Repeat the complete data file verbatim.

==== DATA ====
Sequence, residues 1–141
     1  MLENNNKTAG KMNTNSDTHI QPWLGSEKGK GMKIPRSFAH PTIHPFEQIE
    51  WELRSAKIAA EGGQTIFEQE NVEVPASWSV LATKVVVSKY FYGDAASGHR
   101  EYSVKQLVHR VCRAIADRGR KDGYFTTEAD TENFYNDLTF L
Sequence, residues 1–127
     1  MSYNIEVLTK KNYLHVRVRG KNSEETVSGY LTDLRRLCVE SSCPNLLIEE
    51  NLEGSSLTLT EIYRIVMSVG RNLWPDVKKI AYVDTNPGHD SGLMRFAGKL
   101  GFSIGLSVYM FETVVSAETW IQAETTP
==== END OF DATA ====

Sequence, residues 1–141
     1  MLENNNKTAG KMNTNSDTHI QPWLGSEKGK GMKIPRSFAH PTIHPFEQIE
    51  WELRSAKIAA EGGQTIFEQE NVEVPASWSV LATKVVVSKY FYGDAASGHR
   101  EYSVKQLVHR VCRAIADRGR KDGYFTTEAD TENFYNDLTF L
Sequence, residues 1–127
     1  MSYNIEVLTK KNYLHVRVRG KNSEETVSGY LTDLRRLCVE SSCPNLLIEE
    51  NLEGSSLTLT EIYRIVMSVG RNLWPDVKKI AYVDTNPGHD SGLMRFAGKL
   101  GFSIGLSVYM FETVVSAETW IQAETTP